In the early days, the NES sometimes had games exclusive to either Japan or to North America. There are plenty of famous games that were made but not released; prototypes of these games are meticulously documented and highly sought after. And there’s no shortage of games; while the NES had, according to sources like Video Game Sage , only 677 official games, despite being launched only a decade later, the Sony Playstation boasts over 8,000. (The PlayStation’s number of games varies based on whether you include special editions, differentiate between different regions, and so forth, but Wikipedia lists over 8,200 .) The total number of games is huge, with alternate versions and special editions and those many unreleased games only adding to the total. In short, it’s ripe for collectors.
An influx of collectors have made an entire industry out of game collection, where one didn’t exist hardly at all before five or so years ago. A copy of, say, Paper Mario for the N64 wouldn’t have earned more than a few dollars quite recently. But today, if that copy is clean, fully tested and comes with its original box? You could be looking at a few hundred dollars — and that’s for a game that wasn’t at all rare when it was released.
For collectors, video games have an added value on top of their value as collectibles. We grew up with these games, begged for them as gifts, played them at friends’ houses, anxiously awaited new releases. There’s a sentimental attachment to them. “You remember when you're a kid, and you play a video game in the living room on the big TV screen,” says Mori. In addition, well, you can actually play them; this is true of Pokemon cards, too, but not of other collectibles like sports cards. If you can get your hands on a copy of Spud’s Adventure for the Nintendo Game Boy, it’s a very valuable item, but it’s also, well, a Game Boy game.
Super Potato started out in the 1960s as a general store in Osaka. The owner was interested in games, and added cards and electronic games when the genre was in its infancy. In 1984, after Nintendo released the NES in the United States, it became clear that video games were a massive new phenomenon, and the owner decided to dedicate his store to them. Today, they’re a shrine to the history of video games: many customers go simply to visit, to gawk and both the common and the incredibly rare items from the history of gaming, to play arcade games upstairs, and, sometimes, to buy something. “If you come to our store, it’s like digging potatoes,” says Kagawa. “You have a chance to find a treasure which exceeds your expectations.”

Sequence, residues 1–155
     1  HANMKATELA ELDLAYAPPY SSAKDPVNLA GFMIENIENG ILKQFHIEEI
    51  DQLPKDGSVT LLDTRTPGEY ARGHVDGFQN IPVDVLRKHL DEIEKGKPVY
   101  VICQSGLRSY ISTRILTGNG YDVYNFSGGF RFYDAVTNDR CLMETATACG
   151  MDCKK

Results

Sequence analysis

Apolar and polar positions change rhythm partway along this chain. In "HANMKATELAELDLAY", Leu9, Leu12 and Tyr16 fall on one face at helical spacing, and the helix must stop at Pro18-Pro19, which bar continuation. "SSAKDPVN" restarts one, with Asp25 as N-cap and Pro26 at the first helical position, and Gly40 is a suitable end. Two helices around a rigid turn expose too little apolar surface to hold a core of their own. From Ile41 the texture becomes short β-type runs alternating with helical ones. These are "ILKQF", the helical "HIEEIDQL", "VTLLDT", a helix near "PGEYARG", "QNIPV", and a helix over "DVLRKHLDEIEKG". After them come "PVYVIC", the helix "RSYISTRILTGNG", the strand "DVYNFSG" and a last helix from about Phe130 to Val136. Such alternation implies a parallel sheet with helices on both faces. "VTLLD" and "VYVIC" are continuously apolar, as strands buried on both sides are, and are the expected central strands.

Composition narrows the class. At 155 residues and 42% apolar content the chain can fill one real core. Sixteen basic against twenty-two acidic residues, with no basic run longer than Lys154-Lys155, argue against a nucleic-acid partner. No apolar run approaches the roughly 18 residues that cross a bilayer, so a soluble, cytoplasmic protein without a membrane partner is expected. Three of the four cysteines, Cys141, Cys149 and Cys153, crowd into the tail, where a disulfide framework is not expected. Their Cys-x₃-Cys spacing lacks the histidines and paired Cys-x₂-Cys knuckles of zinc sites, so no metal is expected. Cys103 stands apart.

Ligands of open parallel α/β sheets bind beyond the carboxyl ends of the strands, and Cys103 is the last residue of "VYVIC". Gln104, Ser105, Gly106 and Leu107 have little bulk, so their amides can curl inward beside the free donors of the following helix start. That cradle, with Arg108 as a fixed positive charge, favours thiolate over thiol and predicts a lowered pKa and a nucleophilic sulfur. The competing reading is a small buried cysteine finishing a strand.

Super Potato has come across some incredibly rare and valuable items; one, the rare Japanese version of Spider-Man and Venom: Maximum Carnage, boasted a price tag of 1.5 million Yen, well over $10,000. (This particular game is most prized for completionists who want to own every game ever made for the Mega Drive, or, as it was known in the U.S., the Sega Genesis.)
“We're always on the lookout to buy those very very rare games to add to our collection and to sell to customers globally,” says Mori. “One US customer approached us to find one game, the very last game issued for the PS2 platform.” That game, Pro Evolution Soccer 2014, is very difficult to find. But Super Potato was able to locate what they think may well have been the last copy available in Japan, and to make that global customer very happy. “eBay certainly helped us to build up our name in the video game market,” says Mori.
The items Super Potato lists on eBay range from the highly prized (like Seirei Densetsu Lickle for the NES, with its original box and manual) to some of the best known, and most common, games from our childhoods (like, say, Wave Race 64). “eBay certainly helped us to build up our name in the video game market,” says Mori. But it’s also allowed customers around the world to shop at one of the most iconic video game stores in the world.